Through his paintings, he could play with the malleable forms of masks, their bright colours, and shocking and scary impact. In his still life compositions, he used masks for their theatrical imputation.
Skeletons unearthed from mass graves as the city’s construction boom proceeded were the bones of victims of the siege of Ostend (1601-04) during the Eighty Years’ War against Spanish domination. In his studio Ensor dressed up the skeletons and gave them living roles in colourful, enigmatic tableaux on canvas.
Ensor was ever independent-minded. When he studied at the Académie Royale des Beaux-Arts in Brussels he rebelled against traditional teachings and frequented the avant-garde salons of artists and intellectuals. The spirit of free expression remained with him when he returned to Ostend in 1880 to remain for the rest of his life. In 1883 after one of his paintings was rejected by the Antwerp Salon he was a founder member of the progressive artist group Les Vingt (Les XX), in which he was introduced to symbolism – the expression of mystical ideas – although he broke away from the movement to pursue his individual style, and especially further its sardonic element.
Among memorable exhibits are The Skate of 1892 (from the Royal Museum of Fine Arts, Brussels) which is an enigmatic still life, and Self-portrait with Flowered Hat of 1883 (Mu.Zee, Ostend), a humorous reference to the Peter Paul Rubens Portrait of Susanna Lunden in the National Gallery, London. A fine selection of Ensor drawings is clearly displayed in a special cabinet.
Creating a kind of period mood, the first thing we see as we enter the exhibition is a charming short film entitled James Ensor in Oostende ca. 1920, made by the installation artist Guillaume Bijl in 2002. This is not what the title says it is. It purports to show the painter by the sea at Ostend with his friends in belle époque dress taking a drink, strolling in the arcades of the Thermae Palace and relaxing in bathing costumes on the beach. It is a modern re-creation in jerky black and white with imitated scratches on the projection, giving the impression of a roll of film salvaged from the days of silent movies. In fact the lushly-bearded Ensor is played by a local antique dealer..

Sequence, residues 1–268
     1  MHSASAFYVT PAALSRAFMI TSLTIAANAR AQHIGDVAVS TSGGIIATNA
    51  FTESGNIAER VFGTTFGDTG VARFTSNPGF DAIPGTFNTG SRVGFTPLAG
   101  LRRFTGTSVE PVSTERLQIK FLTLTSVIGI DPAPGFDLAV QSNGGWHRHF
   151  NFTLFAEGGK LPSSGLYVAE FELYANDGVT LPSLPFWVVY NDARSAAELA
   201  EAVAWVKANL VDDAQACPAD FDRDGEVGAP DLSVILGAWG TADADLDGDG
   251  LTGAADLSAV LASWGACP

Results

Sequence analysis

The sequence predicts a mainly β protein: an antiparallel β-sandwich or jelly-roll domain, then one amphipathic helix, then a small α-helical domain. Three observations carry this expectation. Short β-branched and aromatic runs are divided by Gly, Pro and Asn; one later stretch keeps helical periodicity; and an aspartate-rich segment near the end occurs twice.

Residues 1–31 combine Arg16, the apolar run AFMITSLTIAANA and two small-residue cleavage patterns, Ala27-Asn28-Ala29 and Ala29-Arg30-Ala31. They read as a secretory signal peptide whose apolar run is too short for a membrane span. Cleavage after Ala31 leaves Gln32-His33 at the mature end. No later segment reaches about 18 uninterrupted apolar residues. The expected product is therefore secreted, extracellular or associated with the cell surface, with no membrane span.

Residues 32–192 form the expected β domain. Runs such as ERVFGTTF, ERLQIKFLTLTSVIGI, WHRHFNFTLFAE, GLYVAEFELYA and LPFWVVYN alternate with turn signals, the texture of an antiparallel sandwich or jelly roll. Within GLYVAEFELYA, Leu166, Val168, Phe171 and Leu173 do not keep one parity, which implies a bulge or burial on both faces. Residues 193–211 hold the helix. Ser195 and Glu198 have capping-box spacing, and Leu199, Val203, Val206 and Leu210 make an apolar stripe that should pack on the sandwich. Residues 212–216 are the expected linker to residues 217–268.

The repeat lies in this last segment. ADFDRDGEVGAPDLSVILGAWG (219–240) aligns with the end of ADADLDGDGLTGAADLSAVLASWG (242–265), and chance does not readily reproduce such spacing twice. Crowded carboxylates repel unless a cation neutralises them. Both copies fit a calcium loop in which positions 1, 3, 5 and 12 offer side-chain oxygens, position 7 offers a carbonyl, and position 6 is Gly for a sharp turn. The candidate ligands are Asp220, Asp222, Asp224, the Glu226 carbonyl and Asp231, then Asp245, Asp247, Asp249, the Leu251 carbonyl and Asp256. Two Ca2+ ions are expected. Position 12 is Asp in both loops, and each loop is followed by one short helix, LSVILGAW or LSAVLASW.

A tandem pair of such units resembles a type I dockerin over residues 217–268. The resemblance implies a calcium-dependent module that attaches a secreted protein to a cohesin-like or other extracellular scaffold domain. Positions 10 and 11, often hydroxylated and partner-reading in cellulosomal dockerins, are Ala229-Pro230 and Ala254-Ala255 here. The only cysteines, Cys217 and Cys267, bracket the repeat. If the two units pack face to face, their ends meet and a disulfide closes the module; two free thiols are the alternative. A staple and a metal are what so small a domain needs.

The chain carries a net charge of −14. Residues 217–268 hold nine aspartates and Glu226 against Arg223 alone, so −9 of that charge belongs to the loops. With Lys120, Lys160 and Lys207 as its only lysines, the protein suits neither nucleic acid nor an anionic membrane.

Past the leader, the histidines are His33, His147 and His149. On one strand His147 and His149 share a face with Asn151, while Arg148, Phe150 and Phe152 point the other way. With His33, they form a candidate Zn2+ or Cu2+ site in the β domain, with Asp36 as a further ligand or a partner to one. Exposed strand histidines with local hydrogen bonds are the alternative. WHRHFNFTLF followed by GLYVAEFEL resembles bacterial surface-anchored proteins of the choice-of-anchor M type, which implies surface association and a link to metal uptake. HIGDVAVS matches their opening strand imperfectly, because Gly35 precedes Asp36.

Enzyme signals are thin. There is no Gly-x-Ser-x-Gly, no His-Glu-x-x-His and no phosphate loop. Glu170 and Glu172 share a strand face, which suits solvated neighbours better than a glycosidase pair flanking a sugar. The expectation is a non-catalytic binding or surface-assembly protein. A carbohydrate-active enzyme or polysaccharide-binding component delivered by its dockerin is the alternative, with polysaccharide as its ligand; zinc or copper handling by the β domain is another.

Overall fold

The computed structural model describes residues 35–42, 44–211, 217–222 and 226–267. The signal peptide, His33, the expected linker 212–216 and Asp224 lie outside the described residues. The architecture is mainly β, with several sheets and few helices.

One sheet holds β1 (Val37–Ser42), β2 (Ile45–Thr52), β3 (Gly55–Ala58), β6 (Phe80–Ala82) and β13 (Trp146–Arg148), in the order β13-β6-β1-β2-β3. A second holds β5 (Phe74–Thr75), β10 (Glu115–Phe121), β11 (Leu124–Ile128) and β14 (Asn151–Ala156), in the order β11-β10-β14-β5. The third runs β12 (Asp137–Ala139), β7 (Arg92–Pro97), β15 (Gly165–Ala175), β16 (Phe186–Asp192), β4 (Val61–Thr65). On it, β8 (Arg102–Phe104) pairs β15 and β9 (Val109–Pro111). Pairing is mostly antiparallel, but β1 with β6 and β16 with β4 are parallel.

Ensor’s works are accompanied by a selection of Gilles de Binche carnival masks. The carnival of the town of Binche has been declared by Unesco a Masterpiece of the Oral and Intangible Heritage of Humanity. The Gilles are fantastically-dressed characters who during carnival “ward off evil spirits” with their sticks. The Royal Academy exhibition includes a ghostly oil painting by Luc Tuymans from 2004, Gilles de Binche.
All this is complimented by two works on paper by the Belgian Symbolist painter Léon Spilliaert, 20 years younger than Ensor, but similarly associated strongly with Ostend.
The exhibition is organised by the Royal Academy of Arts in association with the Royal Museum of Fine Arts, Antwerp, which has the largest collection of Ensor works, starting with purchases in 1921. It is curated by Luc Tuymans in collaboration with Adrian Locke, senior curator at the Royal Academy. Mr Locke described Ensor as an artist with a lot of self-belief who worked hard at maintaining his integrity in a world where he was sometimes ridiculed.
An illustrated catalogue has contributions from Luc Tuymans; Dr Herwig Todts, research curator at Royal Museum of Fine Arts, Antwerp; Gerrit Vermeiren, author of Luc Tuymans: Is it Safe?;and Xavier Tricot, curator of several Ensor exhibitions
The exhibition, sponsored by the Government of Flanders, is at the Sackler Wing of Galleries, Royal Academy, from October29 2016 to January 29 2017 10am – 6pm, Fridays until 10pm.